Police in Japan have arrested three nursery school teachers in the center of the country on suspicion of beating children over the head, turning them upside down or locking them in a bathroom, in a case that sparked outrage and accusations of a cover-up.
Shizuoka prefectural police said they arrested three women on Sunday on suspicion of assaulting at least three young children in June at a day care center in the city of Susono, at the foot of Mount Fuji.
Susono Mayor Harukaze Murata told reporters Monday that he also filed a criminal complaint against the school principal, Toshihiko Sakurai, for allegedly covering up the abuse, and urged the police to expand their investigation.
One of the teachers is accused of holding a child upside down. Another pushed a girl in the face, according to police, and a third slapped another boy on the head.
Their arrests followed a police search of the private school Saturday in response to the city’s disclosure last week of 15 counts of alleged abuse between June and August.
The results of an internal investigation revealed that the three teachers routinely abused of the little ones slapping them, forcing them to cry, threatening them with a knife, calling them “ugly” and “fat”, locking them inside a bathroom or storage roomdepending on the city.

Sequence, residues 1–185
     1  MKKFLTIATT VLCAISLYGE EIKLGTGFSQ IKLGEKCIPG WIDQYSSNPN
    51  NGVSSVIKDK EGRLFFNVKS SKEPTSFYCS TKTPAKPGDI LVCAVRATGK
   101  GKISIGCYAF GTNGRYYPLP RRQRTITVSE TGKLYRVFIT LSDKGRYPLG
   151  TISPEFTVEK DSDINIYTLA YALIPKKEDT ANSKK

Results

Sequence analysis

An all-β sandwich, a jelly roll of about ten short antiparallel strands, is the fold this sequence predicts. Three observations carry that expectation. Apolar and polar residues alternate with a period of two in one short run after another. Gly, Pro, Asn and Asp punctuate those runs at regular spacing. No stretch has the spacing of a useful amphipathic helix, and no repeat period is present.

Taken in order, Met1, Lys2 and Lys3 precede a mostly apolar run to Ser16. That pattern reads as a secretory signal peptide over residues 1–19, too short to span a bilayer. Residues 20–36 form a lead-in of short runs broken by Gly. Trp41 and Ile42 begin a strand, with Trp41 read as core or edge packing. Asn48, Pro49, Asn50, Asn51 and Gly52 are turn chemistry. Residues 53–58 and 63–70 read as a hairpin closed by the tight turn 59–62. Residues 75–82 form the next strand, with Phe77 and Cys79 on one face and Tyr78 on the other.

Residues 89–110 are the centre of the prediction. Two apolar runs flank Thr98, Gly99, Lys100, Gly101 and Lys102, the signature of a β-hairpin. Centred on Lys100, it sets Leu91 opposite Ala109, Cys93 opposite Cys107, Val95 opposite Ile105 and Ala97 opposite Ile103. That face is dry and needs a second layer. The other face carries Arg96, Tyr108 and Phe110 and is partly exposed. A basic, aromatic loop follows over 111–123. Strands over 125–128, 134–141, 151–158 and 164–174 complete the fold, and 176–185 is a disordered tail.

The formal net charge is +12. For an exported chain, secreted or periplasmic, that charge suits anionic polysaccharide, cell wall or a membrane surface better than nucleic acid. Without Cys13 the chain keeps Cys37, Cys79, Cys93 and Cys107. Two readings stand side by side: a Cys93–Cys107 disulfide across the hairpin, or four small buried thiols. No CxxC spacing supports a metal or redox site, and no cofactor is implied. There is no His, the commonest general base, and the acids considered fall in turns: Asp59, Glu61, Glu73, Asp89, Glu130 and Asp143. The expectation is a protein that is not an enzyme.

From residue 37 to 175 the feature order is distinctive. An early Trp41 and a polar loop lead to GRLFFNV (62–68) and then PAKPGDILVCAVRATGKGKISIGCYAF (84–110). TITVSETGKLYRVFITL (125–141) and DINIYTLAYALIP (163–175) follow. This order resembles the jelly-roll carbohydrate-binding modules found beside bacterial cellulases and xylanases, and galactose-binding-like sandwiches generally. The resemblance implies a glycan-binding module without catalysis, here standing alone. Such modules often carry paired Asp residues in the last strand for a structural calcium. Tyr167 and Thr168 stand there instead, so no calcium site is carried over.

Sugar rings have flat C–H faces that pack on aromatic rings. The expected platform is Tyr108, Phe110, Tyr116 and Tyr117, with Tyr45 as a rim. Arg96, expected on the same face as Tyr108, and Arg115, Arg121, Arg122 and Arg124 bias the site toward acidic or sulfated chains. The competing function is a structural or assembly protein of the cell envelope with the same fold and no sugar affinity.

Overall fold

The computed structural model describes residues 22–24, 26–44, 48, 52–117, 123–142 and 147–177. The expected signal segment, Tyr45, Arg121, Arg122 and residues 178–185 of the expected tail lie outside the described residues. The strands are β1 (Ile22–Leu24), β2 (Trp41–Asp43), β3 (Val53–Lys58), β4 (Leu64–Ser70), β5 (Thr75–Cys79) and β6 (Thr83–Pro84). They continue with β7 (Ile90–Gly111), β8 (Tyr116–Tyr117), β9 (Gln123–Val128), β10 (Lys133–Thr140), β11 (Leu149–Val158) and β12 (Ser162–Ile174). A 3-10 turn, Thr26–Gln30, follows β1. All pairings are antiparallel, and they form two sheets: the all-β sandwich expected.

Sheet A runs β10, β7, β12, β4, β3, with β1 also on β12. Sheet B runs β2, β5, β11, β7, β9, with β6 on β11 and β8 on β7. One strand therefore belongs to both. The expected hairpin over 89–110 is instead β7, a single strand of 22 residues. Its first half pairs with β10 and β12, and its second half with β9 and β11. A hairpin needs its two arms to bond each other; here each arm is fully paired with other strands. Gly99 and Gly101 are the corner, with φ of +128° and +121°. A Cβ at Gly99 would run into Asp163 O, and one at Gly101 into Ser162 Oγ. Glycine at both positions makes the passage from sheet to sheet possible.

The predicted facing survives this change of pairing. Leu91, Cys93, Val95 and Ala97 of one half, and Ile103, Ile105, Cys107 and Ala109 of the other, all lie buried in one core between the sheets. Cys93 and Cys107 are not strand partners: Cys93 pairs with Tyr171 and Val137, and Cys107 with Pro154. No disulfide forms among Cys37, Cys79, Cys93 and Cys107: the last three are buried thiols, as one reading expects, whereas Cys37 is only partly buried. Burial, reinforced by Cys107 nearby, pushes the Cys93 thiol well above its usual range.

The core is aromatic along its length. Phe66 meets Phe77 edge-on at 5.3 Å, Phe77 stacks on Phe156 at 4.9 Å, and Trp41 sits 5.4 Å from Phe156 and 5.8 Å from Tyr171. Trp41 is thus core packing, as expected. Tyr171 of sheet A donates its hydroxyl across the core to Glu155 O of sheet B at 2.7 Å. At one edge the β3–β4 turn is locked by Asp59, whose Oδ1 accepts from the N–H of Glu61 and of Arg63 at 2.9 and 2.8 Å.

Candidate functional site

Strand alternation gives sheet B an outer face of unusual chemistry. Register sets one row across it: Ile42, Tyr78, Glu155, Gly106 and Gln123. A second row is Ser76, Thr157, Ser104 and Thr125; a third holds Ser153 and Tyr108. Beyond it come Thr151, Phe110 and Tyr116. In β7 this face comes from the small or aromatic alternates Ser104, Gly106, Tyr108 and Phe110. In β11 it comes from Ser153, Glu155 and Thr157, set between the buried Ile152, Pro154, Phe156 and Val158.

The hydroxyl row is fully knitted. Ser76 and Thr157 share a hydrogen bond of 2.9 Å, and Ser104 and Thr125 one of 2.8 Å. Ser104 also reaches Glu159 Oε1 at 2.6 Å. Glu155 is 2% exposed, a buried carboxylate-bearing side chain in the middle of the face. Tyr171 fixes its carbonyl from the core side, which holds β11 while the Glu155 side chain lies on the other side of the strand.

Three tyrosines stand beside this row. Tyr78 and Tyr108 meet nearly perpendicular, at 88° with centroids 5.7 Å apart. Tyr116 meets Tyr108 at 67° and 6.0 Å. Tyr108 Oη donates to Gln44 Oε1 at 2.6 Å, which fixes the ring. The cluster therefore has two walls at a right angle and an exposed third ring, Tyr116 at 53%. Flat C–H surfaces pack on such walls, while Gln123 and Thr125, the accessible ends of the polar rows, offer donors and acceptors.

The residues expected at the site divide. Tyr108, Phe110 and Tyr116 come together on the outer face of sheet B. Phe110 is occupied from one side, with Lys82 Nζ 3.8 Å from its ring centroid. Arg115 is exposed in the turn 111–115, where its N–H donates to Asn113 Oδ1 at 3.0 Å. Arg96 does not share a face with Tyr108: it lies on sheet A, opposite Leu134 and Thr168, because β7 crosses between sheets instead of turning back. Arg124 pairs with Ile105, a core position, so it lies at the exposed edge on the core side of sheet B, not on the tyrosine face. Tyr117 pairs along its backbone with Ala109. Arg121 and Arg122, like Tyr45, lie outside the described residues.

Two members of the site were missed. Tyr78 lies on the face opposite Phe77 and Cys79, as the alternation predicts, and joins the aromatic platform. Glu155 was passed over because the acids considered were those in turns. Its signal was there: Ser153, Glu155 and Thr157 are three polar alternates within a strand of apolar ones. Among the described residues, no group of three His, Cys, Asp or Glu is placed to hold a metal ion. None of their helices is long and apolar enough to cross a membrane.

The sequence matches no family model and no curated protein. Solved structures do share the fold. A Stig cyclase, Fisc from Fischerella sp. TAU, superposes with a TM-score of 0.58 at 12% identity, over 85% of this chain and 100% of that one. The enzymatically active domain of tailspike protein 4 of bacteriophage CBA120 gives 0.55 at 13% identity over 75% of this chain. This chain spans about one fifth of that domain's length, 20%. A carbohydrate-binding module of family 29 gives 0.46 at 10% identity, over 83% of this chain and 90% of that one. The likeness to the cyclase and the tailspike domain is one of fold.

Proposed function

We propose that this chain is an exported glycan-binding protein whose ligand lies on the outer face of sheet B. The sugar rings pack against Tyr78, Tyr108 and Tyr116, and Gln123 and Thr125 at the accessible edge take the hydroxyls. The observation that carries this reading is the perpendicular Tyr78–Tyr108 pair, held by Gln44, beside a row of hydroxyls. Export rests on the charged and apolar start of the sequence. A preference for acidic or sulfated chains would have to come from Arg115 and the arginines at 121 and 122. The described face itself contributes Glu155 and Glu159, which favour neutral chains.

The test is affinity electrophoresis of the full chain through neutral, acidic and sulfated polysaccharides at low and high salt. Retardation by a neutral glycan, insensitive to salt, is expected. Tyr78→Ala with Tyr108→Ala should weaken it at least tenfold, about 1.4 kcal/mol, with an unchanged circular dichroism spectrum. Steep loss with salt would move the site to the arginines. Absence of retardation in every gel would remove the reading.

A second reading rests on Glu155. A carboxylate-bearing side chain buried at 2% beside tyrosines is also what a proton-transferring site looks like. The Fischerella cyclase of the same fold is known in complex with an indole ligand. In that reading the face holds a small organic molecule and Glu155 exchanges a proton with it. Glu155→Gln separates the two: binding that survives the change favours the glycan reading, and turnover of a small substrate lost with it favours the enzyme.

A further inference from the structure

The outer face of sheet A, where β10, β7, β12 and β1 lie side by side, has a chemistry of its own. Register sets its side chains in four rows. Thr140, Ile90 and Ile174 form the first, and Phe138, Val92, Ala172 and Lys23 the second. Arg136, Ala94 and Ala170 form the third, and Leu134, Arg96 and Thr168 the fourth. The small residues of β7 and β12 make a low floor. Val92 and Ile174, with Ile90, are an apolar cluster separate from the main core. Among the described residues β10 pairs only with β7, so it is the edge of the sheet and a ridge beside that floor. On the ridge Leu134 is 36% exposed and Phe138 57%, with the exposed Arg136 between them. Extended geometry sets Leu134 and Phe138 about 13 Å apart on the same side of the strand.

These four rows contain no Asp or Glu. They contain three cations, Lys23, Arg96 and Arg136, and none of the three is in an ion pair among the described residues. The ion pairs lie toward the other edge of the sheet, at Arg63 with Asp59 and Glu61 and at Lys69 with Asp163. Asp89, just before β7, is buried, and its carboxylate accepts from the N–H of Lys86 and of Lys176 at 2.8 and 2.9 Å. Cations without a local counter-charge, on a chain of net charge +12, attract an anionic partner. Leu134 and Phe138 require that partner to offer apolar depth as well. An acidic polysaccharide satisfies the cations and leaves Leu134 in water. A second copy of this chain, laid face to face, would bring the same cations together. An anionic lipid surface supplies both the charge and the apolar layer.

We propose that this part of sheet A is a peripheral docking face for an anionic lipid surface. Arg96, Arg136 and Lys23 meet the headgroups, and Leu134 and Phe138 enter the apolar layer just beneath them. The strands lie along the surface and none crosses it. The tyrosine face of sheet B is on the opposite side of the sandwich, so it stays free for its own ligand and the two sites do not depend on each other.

The mayor accused the school principal of “egregious cover-up” by making other teachers sign a paper requiring them to hide the problem and delay explaining it to parents.
The three teachers, all in their 30s, reportedly told investigators that their treatment of the children was “discipline”while the principal said the documents he asked teachers to sign were to protect the privacy of those involved and denied trying to cover up the abuses.
The city has faced public criticism for not taking up the case in more than three months since a whistleblower first disclosed the cases in mid-August. Murata said he takes the criticism seriously and will accept a pay cut for two months, as well as punish three top officials.
Experts say daycare teachers tend to be low-paid and schools face chronic staff shortages and a difficult work environment.
(with information from AP)
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